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Writing about the Movies. . . The Papers in this Course. Review Chapter One of The Short Guide to Writing about Film –our textbook Writing about movies helps us understand how we respond to the movie

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Writing about the Movies. . . The Papers in this Course

  • Review Chapter One of The Short Guide to Writing about Film –our textbook

  • Writing about movies helps us understand how we respond to the movie

  • Most important, for this course, writing about the movie helps us make connections between the movie and an other area of culture--gender


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Movies and Gender

  • In writing about gender and movies, we are investigating both the culture in which we live (America) and the movies our culture produces (Hollywood Movies)

  • Specifically, in this course we investigate the depiction of gender both in our culture and in our movies

  • We will learn about ourselves, our culture, and our movies


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Three Types of Film Writing

  • The Movie Review introduces the movie to someone who hasn’t seen it, usually with a recommendation to see it, or not.

  • The Critical Essay reveals subtle or complex themes in the movie that a casual viewer may have missed

  • The Theoretical Essay seeks to explain some of the larger issues evoked by the movie. The papers in this course are theoretical essays.


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Writing Theoretical Essays in this course: The basics

  • The audience is your instructor. He’s already seen the movie (more than once). Don’t tell him the plot, please.

  • The purpose of the essay is to explain to your instructor how the movie portrays one of the characters as a specific gender icon, the one he has chosen as the title of your paper.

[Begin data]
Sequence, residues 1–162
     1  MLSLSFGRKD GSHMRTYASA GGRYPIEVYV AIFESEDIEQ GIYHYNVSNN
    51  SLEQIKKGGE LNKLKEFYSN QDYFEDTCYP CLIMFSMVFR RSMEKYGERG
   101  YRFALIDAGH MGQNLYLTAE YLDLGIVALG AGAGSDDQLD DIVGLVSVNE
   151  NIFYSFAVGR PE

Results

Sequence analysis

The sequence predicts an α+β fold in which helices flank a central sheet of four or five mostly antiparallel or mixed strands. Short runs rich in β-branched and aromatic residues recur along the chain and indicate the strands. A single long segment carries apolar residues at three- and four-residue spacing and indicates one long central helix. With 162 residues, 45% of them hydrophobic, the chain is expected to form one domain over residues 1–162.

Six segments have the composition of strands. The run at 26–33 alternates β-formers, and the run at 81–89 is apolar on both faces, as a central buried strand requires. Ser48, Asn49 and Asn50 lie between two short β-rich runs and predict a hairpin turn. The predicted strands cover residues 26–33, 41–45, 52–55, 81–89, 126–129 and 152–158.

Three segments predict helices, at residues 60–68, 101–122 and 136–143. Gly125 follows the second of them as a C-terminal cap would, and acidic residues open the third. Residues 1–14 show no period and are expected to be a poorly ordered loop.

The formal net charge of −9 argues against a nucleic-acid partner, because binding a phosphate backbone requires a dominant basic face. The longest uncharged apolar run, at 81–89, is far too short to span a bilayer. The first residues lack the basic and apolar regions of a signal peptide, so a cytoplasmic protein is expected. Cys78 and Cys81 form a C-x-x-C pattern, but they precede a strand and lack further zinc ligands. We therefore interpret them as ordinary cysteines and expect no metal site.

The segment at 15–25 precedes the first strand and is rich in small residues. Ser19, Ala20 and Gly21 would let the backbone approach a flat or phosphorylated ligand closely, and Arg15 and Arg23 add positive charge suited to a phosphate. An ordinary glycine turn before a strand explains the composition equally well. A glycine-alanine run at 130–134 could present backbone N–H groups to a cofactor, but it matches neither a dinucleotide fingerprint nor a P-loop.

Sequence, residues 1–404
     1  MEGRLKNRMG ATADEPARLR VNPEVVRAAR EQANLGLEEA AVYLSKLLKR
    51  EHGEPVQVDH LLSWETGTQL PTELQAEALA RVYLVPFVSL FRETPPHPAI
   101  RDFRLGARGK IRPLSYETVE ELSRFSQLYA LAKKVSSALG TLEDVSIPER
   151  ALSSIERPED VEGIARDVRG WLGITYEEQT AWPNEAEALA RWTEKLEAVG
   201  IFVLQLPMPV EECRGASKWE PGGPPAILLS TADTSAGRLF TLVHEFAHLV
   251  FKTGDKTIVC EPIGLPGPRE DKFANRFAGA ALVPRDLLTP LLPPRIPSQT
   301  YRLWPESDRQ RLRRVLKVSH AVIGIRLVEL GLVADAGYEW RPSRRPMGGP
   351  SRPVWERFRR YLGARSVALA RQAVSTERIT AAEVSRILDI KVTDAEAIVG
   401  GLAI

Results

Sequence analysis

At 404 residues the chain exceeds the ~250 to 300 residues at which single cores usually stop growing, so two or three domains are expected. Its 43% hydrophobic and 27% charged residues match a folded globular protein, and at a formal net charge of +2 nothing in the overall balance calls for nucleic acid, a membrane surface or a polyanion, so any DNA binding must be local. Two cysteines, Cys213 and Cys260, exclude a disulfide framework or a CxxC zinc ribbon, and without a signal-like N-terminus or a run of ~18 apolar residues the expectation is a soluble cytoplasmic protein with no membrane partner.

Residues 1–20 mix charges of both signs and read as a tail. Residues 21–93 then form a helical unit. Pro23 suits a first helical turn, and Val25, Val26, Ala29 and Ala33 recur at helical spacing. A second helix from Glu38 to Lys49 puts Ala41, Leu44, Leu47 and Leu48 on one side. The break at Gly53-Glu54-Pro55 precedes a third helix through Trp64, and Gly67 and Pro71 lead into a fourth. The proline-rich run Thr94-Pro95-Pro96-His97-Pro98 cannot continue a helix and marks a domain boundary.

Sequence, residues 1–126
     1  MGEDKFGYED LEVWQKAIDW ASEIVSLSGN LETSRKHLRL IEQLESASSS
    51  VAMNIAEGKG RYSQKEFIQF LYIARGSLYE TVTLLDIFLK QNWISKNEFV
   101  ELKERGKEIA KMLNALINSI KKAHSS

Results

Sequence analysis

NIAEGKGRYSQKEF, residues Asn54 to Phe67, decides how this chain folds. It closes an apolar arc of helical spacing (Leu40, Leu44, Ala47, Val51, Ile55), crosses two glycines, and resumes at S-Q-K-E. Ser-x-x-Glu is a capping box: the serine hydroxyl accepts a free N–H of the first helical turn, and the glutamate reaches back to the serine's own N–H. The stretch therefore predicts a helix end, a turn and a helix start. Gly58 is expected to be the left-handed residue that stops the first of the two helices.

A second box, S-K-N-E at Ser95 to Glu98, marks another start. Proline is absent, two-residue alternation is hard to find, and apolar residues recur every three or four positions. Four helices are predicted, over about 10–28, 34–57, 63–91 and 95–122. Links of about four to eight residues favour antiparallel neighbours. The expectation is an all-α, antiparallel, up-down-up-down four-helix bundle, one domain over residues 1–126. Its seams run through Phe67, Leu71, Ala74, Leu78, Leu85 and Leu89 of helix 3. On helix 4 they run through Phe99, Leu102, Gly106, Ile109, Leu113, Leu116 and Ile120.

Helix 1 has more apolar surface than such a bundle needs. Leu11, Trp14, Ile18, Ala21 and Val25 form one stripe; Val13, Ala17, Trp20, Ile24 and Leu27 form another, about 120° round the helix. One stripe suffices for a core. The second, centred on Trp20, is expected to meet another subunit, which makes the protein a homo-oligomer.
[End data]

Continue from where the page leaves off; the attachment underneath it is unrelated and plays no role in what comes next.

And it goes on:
• The style of the essay is informal, but structured


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Informal, but structured . . .

  • Informal – no footnotes, no bibliography

  • Structure—the essay should follow a specific pattern

    • The thesis is in the assigned title.

    • The first paragraph should summarize what you think the thesis means (What is a “golden heart?”

    • The rest of the paper, in any order you choose, should discuss

      • The title of the movie as it relates to the theme

      • The first scene, and the first scene we see the icon

      • The era in which the movie was made—do some research!

      • THREE OR FOUR IMPORTANT SCENES THAT CAPTURE THE ESSENCE OF THE ICON.


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More on Structure

  • The first paper is titled, “The Man with the Golden Heart: Clark Gable in It Happened One Night” Think about this title while viewing the movie. Take notes on the scenes in which you see Clark Gable being this “Man with the Golden Heart.”

  • Pay special attention to how the movie opens—the first scene. Is the icon in it? What is going on? Take notes!

  • When you first see the icon, note down what he/she is doing. Remember, you will be referring to these notes later, when you are writing the paper.


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More on Writing the essays

  • Keep notes on your viewing notes by scene. You will have the scenes identified for you. Refer to the scenes by their names (not the numbers) in your paper.

  • After you have seen the movie, go over your notes and select the 3 or 4 scenes that best describe the icon—keep the title and theme in mind.

  • The conclusion of the essay should be a one-paragraph summary of the main ideas in your paper. It is a lot like the first paragraph, but not identical!


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Finishing the essay

  • The essay should respond to these questions

  • How does the title of the movie relate to the icon?

  • How does the movie’s first scene relate to the icon?

  • How does the icon’s first scene establish him/her?

  • What are the three or four most important scenes?

    • These scenes show us the icon doing something that makes the icon what it is. Describe the action in the scene. Don’t merely name the scene.

    • Explain why you find these scenes to be showing us the icon by interpreting and explaining what they mean.

    • Use your imagination and intelligence; be creative.


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Nuts and Bolts: A suggested outline (only a suggestion)

  • Introduction: Title, theme, and your explanation of what the theme means.

  • First few paragraphs: How the title, the era, the first scene, and the first icon scene introduce the icon theme. (Remember that the story always has reversals, so how the character first appears is most likely not the way the icon will be at the end of the movie. The first scene is “setup”)

  • Second group of paragraphs: The “Act 2” scenes in which the icon develops. You probably need two or three from here. There should be a scene or two from “Act 3,” as well

  • The conclusion should summarize how the scenes explain the icon – a lot like the introduction, but not the same!


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